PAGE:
As a reaction to the controversy and Donohue's criticisms, Bowie's official website issued a response, titled "The Next Day the day after". The writing contains an explicit response to the depiction of "the served eyeballs", which is acknowledged to be a reference to Saint Lucy.[18]



  1. ^ Hyden, Steven (11 March 2013). "The Next Day: David Bowie's Big Return Is Whatever You Need It to Be". Grantland. Retrieved 7 December 2015.
  2. ^ Gerard, Chris (2 November 2015). "David Bowie's 'Heroes' to 'The Next Day'". PopMatters. Retrieved 28 December 2015.
  3. ^ a b "David Bowie's 'The Next Day' video criticised by Catholic church". NME. 9 May 2013. Retrieved 11 May 2013.
  4. ^ a b Phillips, Amy (7 May 2013). "Watch David Bowie's Bloody, Religious "The Next Day" Video, Starring Gary Oldman and Marion Cotillard". Pitchfork. Retrieved 11 May 2013.
  5. ^ Savage, Lesley (9 May 2013). "David Bowie's new religious-themed video causing controversy". CBS News. Retrieved 5 May 2013.
  6. ^
  7. ^ a b Smart, Gordon (9 May 2013). "David Bowie's star cast vid so gory YouTube banned it". The Sun. Retrieved 11 May 2013.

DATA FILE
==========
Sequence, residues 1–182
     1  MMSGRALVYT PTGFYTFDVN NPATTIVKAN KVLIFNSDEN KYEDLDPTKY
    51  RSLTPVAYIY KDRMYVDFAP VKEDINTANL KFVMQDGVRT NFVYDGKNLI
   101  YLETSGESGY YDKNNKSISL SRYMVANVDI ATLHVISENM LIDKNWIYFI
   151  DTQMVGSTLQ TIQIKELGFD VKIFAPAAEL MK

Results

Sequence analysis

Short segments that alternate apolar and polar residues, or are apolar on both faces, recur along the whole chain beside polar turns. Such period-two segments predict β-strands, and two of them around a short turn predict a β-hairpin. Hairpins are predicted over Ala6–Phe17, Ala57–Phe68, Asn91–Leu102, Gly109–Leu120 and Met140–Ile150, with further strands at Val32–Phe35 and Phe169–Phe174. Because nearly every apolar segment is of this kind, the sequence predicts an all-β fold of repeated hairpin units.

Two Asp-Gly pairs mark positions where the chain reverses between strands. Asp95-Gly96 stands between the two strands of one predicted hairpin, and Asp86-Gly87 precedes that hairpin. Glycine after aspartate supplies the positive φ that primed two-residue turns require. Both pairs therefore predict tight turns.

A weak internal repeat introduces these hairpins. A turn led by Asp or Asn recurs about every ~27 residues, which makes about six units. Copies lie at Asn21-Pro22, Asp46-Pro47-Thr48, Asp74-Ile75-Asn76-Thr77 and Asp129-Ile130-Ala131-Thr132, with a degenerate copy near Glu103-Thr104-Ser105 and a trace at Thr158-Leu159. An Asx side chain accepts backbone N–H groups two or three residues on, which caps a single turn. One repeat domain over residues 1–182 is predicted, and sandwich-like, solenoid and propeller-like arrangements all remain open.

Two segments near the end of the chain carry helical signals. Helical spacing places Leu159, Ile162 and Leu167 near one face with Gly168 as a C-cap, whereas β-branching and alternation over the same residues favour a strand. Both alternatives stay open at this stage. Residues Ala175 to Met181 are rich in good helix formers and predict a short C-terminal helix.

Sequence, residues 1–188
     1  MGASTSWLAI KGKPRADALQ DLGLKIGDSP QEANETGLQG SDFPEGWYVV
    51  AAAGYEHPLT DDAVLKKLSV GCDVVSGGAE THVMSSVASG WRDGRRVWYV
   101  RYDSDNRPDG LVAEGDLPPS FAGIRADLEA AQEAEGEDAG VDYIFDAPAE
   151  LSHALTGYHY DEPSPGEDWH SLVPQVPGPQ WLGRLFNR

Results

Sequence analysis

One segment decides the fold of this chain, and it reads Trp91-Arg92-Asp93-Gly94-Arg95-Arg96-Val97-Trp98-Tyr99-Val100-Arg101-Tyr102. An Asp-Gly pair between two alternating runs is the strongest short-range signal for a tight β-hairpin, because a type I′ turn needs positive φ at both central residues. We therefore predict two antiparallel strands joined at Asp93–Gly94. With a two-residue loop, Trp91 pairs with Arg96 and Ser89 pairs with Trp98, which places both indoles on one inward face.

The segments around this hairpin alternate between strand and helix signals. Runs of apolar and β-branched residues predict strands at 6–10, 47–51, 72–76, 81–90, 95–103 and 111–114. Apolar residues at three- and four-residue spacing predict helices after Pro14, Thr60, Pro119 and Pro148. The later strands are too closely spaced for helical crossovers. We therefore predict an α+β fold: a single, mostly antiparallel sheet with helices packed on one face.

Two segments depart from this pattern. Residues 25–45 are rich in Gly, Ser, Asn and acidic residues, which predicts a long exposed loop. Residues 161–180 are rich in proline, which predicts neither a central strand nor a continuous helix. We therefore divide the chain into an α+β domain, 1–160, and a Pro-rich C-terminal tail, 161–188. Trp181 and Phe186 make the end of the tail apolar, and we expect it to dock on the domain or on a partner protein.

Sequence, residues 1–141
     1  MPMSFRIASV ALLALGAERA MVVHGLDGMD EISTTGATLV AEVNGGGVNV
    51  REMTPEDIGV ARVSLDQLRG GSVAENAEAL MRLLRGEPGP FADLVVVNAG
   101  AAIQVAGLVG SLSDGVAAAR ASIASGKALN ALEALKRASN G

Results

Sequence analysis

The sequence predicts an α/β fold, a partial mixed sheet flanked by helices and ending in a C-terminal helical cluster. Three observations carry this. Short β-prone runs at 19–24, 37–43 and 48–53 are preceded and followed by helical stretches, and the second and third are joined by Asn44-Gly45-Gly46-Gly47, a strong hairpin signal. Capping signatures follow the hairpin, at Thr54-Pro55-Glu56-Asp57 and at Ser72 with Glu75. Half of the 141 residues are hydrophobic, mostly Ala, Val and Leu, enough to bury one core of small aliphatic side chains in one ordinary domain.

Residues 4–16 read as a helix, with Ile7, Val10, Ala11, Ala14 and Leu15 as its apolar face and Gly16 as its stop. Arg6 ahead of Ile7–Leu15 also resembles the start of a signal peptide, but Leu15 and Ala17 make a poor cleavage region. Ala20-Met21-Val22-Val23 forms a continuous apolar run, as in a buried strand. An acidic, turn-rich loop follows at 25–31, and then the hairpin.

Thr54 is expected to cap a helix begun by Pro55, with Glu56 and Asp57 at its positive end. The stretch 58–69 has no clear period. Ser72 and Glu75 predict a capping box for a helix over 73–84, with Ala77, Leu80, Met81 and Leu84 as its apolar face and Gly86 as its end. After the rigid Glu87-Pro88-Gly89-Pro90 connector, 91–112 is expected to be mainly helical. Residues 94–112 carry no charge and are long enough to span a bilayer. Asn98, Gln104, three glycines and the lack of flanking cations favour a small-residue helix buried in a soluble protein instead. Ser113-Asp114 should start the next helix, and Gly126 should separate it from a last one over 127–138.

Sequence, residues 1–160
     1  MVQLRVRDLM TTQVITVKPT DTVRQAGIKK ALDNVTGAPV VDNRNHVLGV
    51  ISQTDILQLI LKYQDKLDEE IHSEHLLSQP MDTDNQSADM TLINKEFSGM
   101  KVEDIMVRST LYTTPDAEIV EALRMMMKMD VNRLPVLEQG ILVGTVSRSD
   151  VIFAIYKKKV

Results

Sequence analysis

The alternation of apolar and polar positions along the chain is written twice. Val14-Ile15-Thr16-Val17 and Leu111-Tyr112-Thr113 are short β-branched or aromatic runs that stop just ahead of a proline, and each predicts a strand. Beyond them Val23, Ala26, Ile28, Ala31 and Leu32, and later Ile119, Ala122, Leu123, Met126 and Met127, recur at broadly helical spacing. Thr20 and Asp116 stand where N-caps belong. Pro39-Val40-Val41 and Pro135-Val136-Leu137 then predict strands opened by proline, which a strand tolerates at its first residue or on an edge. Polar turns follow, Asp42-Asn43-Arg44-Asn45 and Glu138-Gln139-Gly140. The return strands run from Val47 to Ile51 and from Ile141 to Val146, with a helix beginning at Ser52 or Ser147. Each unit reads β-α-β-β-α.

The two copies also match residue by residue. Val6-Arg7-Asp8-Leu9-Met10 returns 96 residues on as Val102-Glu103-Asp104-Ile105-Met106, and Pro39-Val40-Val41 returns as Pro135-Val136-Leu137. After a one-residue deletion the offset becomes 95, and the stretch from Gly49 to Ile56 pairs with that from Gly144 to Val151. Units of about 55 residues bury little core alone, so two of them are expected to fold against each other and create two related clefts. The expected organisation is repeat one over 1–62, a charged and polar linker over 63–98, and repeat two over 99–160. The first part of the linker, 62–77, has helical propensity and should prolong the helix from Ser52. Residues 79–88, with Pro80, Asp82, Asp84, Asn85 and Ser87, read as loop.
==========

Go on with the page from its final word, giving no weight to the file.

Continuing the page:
8. ^ Ramisetti, Kirthana (8 May 2013). "YouTube gives David Bowie 'The Next Day' video adult-only rating". Newsday. Retrieved 11 May 2013.
  9. ^ Danton, Eric R. (8 May 2013). "David Bowie Features Gary Oldman, Marion Cotillard in 'The Next Day'". Rolling Stone. Retrieved 11 May 2013.
  10. ^ Ebby, Margharet (8 May 2013). "David Bowie unveils controversial 'The Next Day' video featuring Marion Cotillard, Gary Oldman". Daily News (New York). Retrieved 11 May 2013.
  11. ^ Gallo, Phil (8 May 2013). "David Bowie Releases 'The Next Day' Video". Billboard. Retrieved 11 May 2013.
  12. ^ a b Saunders, Louise (8 May 2013). "David Bowie's explicit video The Next Day, starring Gary Oldman and Marion Cotillard, banned from YouTube after just two hours". Daily Mail. Retrieved 11 May 2013.
  13. ^ a b Casciato, Paul (8 May 2013). "YouTube puts adult-only rating on David Bowie's new video". Reuters. Retrieved 11 May 2013.
  14. ^ Savage, Lesley (9 May 2013). "David Bowie's new religious-themed video causing controversy". The Independent. Retrieved 11 May 2013.
  15. ^ Pelly, Jenn (9 May 2013). "Catholic League Disses David Bowie's "The Next Day" Video". Pitchfork. Retrieved 11 May 2013.
  16. ^ Danton, Eric R. (9 May 2013). "David Bowie's 'The Next Day' Clip Attacked by Catholic League". Rolling Stone. Retrieved 11 May 2013.
  17. ^ a b Bingham, John (8 May 2013). "David Bowie's new video 'juvenile', says Archbishop". The Telegraph. Retrieved 11 May 2013.
  18. ^ "The Next Day, the day after". Archived from the original on 7 June 2013. Retrieved 11 May 2013.
  19. ^ Discogs - Zachary Alford - (profile & discography)

External links[edit]